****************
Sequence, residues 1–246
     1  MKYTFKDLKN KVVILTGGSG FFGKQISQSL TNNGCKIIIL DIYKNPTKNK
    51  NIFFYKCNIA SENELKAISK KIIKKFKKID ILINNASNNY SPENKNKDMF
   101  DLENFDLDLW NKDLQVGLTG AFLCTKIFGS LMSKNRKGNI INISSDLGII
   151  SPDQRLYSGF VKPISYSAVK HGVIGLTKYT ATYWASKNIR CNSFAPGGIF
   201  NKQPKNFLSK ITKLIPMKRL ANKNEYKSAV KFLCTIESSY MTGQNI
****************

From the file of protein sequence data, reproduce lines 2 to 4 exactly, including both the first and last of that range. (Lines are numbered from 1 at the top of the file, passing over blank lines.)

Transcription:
     1  MKYTFKDLKN KVVILTGGSG FFGKQISQSL TNNGCKIIIL DIYKNPTKNK
    51  NIFFYKCNIA SENELKAISK KIIKKFKKID ILINNASNNY SPENKNKDMF
   101  DLENFDLDLW NKDLQVGLTG AFLCTKIFGS LMSKNRKGNI INISSDLGII